This is follow up to my previous post about building a Martin Eberhard 1702/A EPROM programmer.
In this post, I will share some more details about this project. This is not a kit, but Martin occasionally sells a PCB with a programmed PIC micro controller. Extensive instructions, including a parts list with recommend suppliers can be downloaded. Martin has sold several batches of these PCBs over the last couple of years, and I purchased a PCB and PIC from his most recent batch.
The programmer has a built in RS232 interface and can be controlled by any computer with terminal emulation software that supports capturing text to a file and sending text files. I use CoolTerm on a Macintosh for this functionality
All the parts have either Allied or Digikey parts numbers, so it is a pretty simple process of ordering your parts using Martin’s bill of materials. In my case, I found that I had some of the more vanilla parts already on hand, and I saved a few bucks by using what I already had. There are quite a number of different parts required. Usually when I order parts, I order spares of everything, but in this case, I ordered exact quantities of most parts, as I figured paying the postage for one or two damaged parts would be cheaper than ordering spares. In my initial order, I forgot to order one part and didn’t order enough quanity of a second part. These were my mistakes, as Martin’s bill of materials are right on.
I also made a couple of substitutions, one that didn’t work out so well. In the case of the DB-9, I purchased a male connecter instead of female. This is because most of my other devices with DB-9’s, use male connectors and this would allow me to use existing cables. In the case of the MAX232, I substituted a MAX202. The MAX202 has the same pinout as the MAX232, but uses .1uF capacitors. I had both the MAX202 and .1uF capacitors on hand, so this was a no brainer substitution.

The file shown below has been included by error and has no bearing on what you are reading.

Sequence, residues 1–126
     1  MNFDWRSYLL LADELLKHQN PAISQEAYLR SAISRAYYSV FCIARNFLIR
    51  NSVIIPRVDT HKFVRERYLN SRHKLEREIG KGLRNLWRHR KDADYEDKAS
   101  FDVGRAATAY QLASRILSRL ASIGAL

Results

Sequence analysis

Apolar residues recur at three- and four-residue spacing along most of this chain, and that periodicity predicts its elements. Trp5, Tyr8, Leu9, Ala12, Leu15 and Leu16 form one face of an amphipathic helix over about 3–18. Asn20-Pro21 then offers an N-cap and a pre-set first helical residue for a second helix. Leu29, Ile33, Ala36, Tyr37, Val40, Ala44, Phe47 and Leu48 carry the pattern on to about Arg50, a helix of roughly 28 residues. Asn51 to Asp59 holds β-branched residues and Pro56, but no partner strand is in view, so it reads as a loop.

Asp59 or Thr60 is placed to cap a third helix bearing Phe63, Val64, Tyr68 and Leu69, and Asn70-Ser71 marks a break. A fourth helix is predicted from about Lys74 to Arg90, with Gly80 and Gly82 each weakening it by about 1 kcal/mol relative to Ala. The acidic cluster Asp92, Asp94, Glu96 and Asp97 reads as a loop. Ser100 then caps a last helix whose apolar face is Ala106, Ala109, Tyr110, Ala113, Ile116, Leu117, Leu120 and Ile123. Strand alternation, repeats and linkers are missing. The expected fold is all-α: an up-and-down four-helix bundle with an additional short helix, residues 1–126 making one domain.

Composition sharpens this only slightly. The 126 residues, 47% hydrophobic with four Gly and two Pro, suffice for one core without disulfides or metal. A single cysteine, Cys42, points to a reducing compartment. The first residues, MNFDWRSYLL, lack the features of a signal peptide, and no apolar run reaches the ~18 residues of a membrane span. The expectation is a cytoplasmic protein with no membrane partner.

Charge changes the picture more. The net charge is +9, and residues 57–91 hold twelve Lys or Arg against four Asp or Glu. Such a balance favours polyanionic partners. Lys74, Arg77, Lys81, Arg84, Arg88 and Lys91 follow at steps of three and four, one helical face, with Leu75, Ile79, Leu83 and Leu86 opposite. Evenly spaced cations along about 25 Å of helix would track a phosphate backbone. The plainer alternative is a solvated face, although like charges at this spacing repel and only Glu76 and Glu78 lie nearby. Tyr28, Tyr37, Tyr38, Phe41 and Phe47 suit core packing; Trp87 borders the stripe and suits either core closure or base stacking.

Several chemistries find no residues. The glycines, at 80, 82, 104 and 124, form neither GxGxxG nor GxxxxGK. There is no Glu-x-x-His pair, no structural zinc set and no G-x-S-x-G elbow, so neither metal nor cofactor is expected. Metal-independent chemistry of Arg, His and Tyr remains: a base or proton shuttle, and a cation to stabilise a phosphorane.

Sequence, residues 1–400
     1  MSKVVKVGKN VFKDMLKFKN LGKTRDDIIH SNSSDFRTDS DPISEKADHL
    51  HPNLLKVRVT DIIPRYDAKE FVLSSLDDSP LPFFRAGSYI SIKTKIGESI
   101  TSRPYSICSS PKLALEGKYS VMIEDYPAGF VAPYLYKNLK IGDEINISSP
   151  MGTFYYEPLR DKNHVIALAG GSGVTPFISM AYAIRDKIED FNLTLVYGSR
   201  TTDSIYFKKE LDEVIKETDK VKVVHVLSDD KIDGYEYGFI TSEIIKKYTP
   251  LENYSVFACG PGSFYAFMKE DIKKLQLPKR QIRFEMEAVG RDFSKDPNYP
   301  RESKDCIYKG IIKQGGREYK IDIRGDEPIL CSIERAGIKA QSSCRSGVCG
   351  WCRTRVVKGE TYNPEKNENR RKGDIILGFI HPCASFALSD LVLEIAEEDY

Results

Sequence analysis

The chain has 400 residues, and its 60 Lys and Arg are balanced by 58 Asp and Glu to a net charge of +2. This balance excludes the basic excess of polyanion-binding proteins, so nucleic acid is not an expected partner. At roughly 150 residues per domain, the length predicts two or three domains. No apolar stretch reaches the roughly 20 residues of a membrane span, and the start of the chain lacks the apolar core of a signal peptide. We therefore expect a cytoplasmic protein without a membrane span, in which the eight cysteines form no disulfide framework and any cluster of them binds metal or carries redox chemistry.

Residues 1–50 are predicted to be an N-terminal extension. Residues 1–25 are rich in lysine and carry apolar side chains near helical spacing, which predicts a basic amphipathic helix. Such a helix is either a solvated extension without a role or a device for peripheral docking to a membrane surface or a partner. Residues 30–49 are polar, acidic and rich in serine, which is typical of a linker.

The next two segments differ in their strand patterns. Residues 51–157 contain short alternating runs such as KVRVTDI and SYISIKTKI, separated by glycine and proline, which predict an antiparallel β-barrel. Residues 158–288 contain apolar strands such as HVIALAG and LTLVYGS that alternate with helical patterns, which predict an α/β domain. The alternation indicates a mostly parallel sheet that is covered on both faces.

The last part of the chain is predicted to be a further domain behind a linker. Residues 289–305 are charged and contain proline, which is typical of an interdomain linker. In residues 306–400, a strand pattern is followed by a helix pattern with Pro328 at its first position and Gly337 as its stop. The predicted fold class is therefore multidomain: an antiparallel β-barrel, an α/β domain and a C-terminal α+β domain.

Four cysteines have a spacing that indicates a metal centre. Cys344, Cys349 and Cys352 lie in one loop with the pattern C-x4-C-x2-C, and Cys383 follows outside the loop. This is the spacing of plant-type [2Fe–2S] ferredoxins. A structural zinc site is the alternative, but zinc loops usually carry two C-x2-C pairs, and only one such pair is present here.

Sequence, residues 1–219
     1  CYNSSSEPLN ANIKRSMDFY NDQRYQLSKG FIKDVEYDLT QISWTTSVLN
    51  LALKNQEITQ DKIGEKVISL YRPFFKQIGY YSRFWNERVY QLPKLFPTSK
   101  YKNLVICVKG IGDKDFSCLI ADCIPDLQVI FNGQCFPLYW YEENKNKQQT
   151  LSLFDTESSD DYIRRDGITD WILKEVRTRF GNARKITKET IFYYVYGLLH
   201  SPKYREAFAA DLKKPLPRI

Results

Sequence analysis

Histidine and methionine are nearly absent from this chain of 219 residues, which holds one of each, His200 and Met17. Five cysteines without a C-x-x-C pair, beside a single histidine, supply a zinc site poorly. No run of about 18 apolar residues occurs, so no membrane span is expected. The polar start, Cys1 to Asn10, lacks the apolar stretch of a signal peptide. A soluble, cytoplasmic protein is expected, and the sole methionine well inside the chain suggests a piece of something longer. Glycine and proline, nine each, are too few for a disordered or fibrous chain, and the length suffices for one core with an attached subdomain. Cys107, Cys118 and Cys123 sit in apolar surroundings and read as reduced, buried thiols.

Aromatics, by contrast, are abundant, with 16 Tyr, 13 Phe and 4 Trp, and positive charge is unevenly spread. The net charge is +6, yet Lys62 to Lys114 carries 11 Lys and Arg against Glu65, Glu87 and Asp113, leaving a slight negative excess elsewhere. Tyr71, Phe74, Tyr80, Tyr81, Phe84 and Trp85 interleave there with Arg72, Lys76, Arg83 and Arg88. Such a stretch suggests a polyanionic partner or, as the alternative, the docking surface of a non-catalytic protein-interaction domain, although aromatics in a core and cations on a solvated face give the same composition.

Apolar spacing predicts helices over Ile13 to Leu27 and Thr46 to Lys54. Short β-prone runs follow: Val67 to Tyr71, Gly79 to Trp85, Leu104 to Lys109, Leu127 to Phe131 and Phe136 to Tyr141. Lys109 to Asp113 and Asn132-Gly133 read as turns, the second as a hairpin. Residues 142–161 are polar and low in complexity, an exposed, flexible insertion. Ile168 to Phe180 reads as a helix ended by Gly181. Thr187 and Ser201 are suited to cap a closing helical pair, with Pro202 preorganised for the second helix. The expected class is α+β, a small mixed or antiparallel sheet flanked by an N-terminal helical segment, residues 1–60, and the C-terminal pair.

The one that didn’t work out so perfectly, was the power supply plug, the Apple 1 uses the same form factor .156″ 6 pin header, so I used a connector from my stash of Apple 1 parts. Unfortunately the Apple 1 is a slightly different style, so the pins I bought, using the 1702/A BOM were not correct for the Apple 1 connector. I would have used Apple 1 pins, but I was out of them. I should have refered to my Apple 1 BOM in order to get the correct pins for my connectors. I was able to make do with the combination of connector and pins, but it’s not as secure as it should be. For now I have used silicon glue to secure the connecters to the housing. Next time I put in an order, I’ll get the correct connector and fix this issue.